“You do not know the meaning of this parable?” he went on; “Then how will you understand all the other parables?
Parable 101 is a prerequisite
for Parable 103 and beyond
for there is no end to
there is no pattern
to a parabolic insight
going out in one direction
only to return us to a different locus
we say yes yes yes
until we find we have turned
a story’s focus from character
to surprised hearer
it is your openness
to imaginative engagement
that will prepare your life
to be a parable incarnate
while not ready for Parable 666
it is good to get started
not to be able to repeat an answer
but to greet a next question
The first question could well be translated as a statement affirming that the apprentice announcers don’t understand parables. Whichever way it is translated, we are in the wonderful world of rhetorical questions.
A reader might be forgiven thinking that they understand the deep mystery that is a parabolē (the idea behind both parable and parabola—a plane intersecting a cone parallel to a side of the cone). We’ve been told that parables, like parabolas, have a single focal point that concentrates a whole story into one moral. Condensing a main point out of a short story shouldn’t be too difficult.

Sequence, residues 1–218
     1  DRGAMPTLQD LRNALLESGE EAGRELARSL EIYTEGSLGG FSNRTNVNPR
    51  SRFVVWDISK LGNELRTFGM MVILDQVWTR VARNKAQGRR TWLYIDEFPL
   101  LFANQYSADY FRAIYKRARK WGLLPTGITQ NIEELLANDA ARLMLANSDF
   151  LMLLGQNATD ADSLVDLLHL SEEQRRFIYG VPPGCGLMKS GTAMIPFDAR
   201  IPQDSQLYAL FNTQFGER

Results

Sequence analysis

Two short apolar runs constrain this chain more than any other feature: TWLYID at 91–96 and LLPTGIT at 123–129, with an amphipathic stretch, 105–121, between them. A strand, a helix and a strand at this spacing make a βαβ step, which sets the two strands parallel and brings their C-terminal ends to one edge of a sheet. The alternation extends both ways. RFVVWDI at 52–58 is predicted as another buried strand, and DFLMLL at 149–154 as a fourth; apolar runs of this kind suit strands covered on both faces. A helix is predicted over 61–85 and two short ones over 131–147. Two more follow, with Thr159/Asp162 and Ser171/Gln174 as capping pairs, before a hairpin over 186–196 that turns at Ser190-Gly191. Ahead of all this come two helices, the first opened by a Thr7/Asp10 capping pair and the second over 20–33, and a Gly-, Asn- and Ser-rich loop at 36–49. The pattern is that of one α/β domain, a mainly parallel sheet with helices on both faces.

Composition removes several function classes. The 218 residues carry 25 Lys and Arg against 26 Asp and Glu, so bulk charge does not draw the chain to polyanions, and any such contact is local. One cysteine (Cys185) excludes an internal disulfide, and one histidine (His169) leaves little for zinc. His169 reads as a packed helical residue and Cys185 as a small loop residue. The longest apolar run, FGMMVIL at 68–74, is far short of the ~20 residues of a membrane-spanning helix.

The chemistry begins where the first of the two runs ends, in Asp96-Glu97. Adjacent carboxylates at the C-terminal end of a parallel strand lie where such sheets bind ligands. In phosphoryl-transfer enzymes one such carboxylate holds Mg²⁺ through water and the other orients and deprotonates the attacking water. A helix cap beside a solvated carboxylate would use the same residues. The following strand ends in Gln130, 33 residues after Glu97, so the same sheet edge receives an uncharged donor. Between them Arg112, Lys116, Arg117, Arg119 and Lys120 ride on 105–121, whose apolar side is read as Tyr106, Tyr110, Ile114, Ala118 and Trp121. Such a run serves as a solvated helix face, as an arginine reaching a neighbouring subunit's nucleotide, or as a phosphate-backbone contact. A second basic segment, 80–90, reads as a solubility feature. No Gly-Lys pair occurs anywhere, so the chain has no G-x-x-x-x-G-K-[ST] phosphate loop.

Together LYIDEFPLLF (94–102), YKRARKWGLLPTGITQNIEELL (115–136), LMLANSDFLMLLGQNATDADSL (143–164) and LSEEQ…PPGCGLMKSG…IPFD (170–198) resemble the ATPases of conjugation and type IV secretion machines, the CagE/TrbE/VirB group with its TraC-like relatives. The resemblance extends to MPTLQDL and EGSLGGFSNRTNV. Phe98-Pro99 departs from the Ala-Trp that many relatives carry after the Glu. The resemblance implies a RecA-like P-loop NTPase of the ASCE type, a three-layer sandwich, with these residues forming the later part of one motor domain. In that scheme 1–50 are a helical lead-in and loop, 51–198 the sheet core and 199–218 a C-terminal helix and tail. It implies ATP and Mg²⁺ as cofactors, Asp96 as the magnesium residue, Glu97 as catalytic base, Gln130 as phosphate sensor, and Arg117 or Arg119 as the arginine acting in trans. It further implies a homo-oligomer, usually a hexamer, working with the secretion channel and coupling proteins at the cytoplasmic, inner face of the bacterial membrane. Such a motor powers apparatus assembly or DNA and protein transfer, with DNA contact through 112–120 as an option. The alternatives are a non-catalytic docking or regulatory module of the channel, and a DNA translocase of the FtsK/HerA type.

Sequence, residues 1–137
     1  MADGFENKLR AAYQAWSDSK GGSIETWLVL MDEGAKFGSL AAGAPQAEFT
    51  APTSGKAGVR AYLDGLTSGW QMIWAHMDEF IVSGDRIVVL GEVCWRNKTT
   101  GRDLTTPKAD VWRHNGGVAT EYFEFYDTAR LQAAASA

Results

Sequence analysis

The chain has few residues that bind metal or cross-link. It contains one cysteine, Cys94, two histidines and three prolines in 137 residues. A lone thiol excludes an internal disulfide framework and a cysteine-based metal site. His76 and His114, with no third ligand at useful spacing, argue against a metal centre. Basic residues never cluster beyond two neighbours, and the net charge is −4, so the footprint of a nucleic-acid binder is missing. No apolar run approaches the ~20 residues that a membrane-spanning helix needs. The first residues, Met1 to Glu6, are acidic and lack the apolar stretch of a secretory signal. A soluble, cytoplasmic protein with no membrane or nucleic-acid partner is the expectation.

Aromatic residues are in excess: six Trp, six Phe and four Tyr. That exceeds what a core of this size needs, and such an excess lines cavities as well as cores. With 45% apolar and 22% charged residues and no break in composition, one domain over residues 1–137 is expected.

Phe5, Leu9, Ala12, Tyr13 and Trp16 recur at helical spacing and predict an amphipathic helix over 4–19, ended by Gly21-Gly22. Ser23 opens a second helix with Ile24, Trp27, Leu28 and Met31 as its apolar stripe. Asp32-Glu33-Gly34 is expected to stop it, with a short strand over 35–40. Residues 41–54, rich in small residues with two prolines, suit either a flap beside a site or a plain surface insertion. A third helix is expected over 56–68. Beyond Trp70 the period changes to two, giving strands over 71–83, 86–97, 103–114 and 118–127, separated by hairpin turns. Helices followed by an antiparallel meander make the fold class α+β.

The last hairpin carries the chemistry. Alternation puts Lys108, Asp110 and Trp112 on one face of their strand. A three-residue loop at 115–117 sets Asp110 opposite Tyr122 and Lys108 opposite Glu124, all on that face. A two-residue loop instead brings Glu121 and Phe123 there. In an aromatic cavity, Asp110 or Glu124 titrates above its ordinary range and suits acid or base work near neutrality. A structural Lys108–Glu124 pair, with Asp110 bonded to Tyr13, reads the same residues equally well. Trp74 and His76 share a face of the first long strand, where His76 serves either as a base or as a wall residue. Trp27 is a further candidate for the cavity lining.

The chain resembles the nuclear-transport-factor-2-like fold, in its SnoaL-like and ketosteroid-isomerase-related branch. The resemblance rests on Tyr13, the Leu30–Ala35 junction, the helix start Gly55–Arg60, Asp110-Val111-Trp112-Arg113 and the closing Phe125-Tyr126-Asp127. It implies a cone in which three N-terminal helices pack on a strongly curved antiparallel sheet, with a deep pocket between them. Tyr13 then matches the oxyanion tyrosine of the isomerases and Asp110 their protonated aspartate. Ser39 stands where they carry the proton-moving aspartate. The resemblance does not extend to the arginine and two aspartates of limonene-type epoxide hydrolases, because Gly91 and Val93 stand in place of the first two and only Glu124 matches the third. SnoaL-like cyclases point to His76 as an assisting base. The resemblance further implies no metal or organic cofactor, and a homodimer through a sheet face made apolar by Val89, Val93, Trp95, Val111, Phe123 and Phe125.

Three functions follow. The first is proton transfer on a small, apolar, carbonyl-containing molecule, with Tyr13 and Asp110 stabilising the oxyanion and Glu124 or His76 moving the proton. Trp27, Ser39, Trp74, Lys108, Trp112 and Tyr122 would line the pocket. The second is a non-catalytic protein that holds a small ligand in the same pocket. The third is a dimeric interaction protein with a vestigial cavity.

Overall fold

Unfortunately, parables in Mark are a way of moving people off center that they might, “change their heart and life, and trust the good news found in wilderness”.
Being able to know or state a parable’s focus is not what is looked for here. Rather, a parable is mysterious and silent until it is understood in a way that changes behavior.
When a parable finally makes it through our various defenses we note a specific first effect around the focal point. Parables, like parabolas, can be extended. As their arms widen ever-further apart, larger aspects of life and space are included. To change comparisons, a parable is like a camel’s nose under the tent—pretty soon the whole camel is inside. Usually this old saying about camels presumes that camels in a tent are a negative.
Here, parabolic camels are a joy.